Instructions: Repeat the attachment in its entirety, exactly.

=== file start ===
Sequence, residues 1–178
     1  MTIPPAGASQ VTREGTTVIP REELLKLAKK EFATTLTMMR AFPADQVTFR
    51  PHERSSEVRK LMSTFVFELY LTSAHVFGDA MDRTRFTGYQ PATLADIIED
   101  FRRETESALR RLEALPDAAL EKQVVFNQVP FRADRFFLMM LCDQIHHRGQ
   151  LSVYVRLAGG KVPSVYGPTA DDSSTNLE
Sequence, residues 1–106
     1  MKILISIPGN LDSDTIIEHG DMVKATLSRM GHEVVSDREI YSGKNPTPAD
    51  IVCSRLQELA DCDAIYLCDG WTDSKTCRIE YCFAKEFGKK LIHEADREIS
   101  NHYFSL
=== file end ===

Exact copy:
Sequence, residues 1–178
     1  MTIPPAGASQ VTREGTTVIP REELLKLAKK EFATTLTMMR AFPADQVTFR
    51  PHERSSEVRK LMSTFVFELY LTSAHVFGDA MDRTRFTGYQ PATLADIIED
   101  FRRETESALR RLEALPDAAL EKQVVFNQVP FRADRFFLMM LCDQIHHRGQ
   151  LSVYVRLAGG KVPSVYGPTA DDSSTNLE
Sequence, residues 1–106
     1  MKILISIPGN LDSDTIIEHG DMVKATLSRM GHEVVSDREI YSGKNPTPAD
    51  IVCSRLQELA DCDAIYLCDG WTDSKTCRIE YCFAKEFGKK LIHEADREIS
   101  NHYFSL